The nature and causes of the differential settlement between a bridge deck and the adjoining highway pavement have been studied by only a few investigators. Highway engineers often attribute this fault in the riding surface to the settlement of the embankment because of the improper placement and compaction of material in the approach embankment. Although there exists suggestive evidence that this condition produces the bridge approach fault, no conclusive evidence has been presented which shows this to be the primary source of settlement. Jones (1), Bishop (2) and Deen (3) suggest that differential settlement between the bridge deck and approach pavement may be due in part to volume change of the embankment and in part to consolidation of the embankment foundation. According to Jones, the approach defect is often built in -- that is, the profile of the approach pavement does not fit smoothly with the profile of the bridge deck.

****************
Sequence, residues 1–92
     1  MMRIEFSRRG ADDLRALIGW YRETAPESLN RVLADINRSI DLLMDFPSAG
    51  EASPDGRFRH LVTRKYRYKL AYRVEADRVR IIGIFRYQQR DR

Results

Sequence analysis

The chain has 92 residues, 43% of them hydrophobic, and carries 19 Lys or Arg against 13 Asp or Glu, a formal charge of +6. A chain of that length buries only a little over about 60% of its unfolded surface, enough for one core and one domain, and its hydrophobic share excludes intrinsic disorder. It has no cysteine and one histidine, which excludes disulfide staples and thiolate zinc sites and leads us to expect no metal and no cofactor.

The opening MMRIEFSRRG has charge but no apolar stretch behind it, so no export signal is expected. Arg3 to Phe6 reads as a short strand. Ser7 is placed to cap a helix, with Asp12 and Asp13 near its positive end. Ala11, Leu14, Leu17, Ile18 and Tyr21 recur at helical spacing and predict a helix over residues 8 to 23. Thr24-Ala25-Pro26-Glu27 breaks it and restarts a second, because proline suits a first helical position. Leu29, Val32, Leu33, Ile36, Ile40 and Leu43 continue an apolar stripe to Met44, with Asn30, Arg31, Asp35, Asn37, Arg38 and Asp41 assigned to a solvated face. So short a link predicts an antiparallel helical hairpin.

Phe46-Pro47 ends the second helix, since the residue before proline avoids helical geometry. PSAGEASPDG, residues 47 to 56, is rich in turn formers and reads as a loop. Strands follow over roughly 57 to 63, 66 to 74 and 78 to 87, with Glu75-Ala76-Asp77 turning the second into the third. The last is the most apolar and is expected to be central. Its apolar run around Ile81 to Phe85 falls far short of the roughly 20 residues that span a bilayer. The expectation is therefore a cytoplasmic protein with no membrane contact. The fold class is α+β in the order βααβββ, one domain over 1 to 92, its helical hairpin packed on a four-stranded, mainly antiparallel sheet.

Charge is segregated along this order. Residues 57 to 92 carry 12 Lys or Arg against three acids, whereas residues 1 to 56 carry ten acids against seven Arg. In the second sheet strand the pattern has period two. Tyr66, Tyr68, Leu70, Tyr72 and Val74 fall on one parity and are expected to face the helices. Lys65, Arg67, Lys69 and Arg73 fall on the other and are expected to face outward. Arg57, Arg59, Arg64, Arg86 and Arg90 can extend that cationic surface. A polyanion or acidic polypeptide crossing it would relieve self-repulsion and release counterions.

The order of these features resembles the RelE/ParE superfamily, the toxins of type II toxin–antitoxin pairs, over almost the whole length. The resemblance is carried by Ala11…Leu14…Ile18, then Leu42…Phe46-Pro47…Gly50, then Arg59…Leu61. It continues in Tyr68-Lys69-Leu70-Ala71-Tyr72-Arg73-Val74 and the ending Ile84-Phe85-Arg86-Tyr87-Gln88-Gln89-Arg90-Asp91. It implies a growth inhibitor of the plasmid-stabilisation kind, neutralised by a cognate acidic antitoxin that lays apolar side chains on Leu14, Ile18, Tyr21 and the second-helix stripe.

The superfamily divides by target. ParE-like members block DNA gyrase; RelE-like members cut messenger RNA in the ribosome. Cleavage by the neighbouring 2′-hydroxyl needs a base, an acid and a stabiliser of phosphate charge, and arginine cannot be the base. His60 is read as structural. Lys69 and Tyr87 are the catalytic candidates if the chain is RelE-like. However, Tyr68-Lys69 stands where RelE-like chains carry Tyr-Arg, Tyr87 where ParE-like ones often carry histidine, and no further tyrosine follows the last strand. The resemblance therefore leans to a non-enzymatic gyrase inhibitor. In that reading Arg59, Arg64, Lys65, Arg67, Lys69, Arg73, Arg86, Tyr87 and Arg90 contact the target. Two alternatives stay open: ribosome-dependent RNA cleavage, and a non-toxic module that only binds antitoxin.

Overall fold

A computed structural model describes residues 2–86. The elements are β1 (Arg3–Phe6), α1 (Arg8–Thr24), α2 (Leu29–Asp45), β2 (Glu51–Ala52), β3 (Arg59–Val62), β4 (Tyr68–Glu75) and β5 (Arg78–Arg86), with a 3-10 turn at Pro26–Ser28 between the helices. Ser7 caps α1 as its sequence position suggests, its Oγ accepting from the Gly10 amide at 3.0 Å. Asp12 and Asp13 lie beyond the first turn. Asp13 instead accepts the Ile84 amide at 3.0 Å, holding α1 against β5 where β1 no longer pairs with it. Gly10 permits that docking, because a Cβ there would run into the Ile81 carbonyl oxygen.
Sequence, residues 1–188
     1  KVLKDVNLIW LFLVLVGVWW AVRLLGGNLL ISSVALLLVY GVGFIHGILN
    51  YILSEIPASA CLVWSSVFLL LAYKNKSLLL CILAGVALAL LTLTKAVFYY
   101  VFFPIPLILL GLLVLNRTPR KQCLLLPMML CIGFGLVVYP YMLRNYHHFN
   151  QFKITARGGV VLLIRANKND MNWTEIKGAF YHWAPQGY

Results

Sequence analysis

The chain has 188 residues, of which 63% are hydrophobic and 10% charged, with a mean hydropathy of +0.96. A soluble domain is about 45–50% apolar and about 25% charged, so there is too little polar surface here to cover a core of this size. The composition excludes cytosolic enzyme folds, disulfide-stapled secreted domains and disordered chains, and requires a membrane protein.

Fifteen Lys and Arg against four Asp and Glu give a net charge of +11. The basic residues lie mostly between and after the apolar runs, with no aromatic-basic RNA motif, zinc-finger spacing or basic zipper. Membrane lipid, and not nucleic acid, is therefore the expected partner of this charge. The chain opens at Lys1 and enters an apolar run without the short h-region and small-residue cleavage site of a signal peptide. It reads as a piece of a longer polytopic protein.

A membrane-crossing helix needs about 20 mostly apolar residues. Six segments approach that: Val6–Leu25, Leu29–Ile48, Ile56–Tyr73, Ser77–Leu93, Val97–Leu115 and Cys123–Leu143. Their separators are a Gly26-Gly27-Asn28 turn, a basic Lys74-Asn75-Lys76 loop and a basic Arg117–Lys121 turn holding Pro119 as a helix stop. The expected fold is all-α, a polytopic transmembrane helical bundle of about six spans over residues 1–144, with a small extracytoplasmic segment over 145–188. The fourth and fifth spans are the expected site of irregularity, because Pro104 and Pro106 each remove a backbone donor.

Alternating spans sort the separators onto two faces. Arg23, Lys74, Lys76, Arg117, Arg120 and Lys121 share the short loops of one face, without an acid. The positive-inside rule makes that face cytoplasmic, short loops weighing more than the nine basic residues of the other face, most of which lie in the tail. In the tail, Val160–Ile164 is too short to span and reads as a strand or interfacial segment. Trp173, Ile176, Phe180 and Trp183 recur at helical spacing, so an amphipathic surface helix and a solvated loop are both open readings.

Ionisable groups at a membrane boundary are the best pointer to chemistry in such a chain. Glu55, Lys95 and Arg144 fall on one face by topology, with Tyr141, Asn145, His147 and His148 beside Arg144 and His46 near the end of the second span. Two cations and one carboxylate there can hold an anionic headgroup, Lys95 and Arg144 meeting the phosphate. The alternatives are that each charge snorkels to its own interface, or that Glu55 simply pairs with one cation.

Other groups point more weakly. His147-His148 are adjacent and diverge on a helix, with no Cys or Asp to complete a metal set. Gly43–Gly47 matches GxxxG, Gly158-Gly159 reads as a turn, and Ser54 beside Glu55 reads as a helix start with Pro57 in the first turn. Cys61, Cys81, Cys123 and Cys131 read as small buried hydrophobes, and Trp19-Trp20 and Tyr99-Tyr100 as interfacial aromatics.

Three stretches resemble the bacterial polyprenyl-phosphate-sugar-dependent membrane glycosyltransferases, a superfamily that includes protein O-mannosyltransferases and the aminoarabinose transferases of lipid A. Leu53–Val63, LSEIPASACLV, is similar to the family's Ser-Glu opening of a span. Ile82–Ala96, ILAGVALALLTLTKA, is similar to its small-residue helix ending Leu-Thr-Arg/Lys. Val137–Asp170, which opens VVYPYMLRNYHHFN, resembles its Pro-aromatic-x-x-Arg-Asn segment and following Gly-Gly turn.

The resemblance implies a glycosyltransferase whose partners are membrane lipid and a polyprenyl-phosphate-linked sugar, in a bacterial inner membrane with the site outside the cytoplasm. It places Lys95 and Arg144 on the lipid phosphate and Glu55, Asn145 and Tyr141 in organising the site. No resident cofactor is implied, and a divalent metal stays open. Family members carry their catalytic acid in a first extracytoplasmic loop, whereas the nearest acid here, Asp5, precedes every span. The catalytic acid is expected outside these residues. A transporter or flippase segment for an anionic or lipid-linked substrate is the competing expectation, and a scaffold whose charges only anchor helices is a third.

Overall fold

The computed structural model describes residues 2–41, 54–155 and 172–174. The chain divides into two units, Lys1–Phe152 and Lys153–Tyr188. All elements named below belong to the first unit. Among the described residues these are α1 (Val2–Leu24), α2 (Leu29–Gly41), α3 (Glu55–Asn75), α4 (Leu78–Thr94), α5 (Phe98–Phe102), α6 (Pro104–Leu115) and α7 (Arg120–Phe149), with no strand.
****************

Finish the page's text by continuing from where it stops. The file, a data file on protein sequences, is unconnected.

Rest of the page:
Report Date


Report Number

No. 273

Digital Object Identifier



The opinions, findings, and conclusions in this report are not necessarily those of the Department of Highways or the Bureau of Public Roads.